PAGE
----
Hamilton High School students place sixth at State Science Olympiad

2011-12-14T20:38:00Z Hamilton High School students place sixth at State Science OlympiadBy DAVID ERICKSON - Ravalli Republic Ravalli Republic
December 14, 2011 8:38 pm  • 

From the laws of thermodynamics to the theories of epidemiology, students at Hamilton High School are no slouches when it comes to scientific knowledge.

On Wednesday, the school learned that the Hamilton team placed sixth out of 42 schools at the State Science Olympiad earlier this year. The olympiad is a written exam that tests students' knowledge in particular areas of expertise.

The team is coached by Hamilton science teachers Tom Schmit and Marie Antonioli.

"We had a good year," Schmit said. "We've had a series of really strong years and this is no exception. There were a lot of high schools participating, more than usual, and we did really well."

Schmit said the Hamilton students learned the rules in the second week of October, giving them about five weeks to prepare for the test.

"We kind of had to hit the ground running," he said.

Sam Kern and Marie Feldman took the bronze medal in the epidemiology event, while Collin Johns and Gina Schmit took bronze in optics. Tess and Nial Gallagher-Clancy took fifth in forestry, while Kern and Sam Parker took fifth in "Gravity Vehicle." Nial Gallagher-Clancy and Marie Feldman took fourth in microbiology, and Natalie Bremmer and Kyle Lubke took seventh in thermodynamics. Whitney Cleveland and Gina Schmit took eighth in tower engineering, and Sam Couch and Sam Parker took ninth in astronomy. Other students who contributed to the overall team score were Julian Kimball, Erica Huppert and Kelsey Pitzinger.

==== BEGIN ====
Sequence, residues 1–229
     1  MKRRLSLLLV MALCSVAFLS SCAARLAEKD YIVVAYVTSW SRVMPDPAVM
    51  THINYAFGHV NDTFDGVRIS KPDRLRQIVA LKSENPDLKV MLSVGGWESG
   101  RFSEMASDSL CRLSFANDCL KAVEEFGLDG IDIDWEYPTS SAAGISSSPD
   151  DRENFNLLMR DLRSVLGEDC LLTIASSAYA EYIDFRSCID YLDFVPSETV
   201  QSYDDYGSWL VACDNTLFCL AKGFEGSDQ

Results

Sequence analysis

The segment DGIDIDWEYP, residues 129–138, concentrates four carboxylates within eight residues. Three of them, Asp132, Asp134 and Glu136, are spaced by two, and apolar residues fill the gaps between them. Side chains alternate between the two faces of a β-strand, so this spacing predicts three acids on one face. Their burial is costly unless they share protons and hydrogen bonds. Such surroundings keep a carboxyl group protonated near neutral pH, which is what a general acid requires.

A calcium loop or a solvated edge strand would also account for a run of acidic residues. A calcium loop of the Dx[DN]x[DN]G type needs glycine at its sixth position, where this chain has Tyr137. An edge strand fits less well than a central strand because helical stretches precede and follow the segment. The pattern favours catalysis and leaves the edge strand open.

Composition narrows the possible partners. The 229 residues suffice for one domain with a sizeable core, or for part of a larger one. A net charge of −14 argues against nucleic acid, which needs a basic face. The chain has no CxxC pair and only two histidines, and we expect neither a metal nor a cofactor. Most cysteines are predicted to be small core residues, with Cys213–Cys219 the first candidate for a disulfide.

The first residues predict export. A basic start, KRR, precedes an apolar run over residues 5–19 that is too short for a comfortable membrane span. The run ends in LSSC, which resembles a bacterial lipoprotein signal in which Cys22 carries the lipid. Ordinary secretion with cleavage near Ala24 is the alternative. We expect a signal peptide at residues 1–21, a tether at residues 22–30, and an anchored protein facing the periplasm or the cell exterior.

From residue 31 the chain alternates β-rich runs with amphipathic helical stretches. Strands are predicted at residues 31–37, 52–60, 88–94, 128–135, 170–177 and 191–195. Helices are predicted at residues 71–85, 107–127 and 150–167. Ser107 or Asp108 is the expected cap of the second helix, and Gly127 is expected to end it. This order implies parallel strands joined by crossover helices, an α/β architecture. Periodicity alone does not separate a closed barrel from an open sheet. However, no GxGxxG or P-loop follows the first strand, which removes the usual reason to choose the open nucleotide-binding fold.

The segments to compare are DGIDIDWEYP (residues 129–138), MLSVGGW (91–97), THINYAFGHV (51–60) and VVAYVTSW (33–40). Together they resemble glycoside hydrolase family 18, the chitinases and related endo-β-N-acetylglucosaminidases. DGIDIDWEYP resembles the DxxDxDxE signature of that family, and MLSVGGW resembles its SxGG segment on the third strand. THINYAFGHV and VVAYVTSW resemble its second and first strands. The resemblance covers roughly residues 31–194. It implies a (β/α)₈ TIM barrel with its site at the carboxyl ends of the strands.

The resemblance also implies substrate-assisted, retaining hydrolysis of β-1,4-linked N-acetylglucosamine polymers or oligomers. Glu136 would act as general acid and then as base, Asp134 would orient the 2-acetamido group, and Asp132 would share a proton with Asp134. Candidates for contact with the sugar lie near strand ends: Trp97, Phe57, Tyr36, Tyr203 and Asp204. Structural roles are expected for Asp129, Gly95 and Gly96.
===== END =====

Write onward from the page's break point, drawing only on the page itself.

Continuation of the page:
Schmit said the students had to immerse themselves in the particular areas of study.

"The epidemiology event, for example, is called Disease Detectives," Schmit said. "They have to understand the concepts of infectious disease, everything from containment of a pandemic to the biology of diseases. All the principles that go along with the public health aspect of a disease. It's pretty wide open. A lot of times they will offer a historic example, like last year they focused on a salmonella outbreak."

Schmit said that the school is only allowed to have 15 members on the team, and they have to work hard to make the cut.

"This is a nice opportunity for kids to interact with kids at other schools," he said.

Reach reporter David Erickson at 363-3300 or david.erickson@ravallirepublic.com.

 

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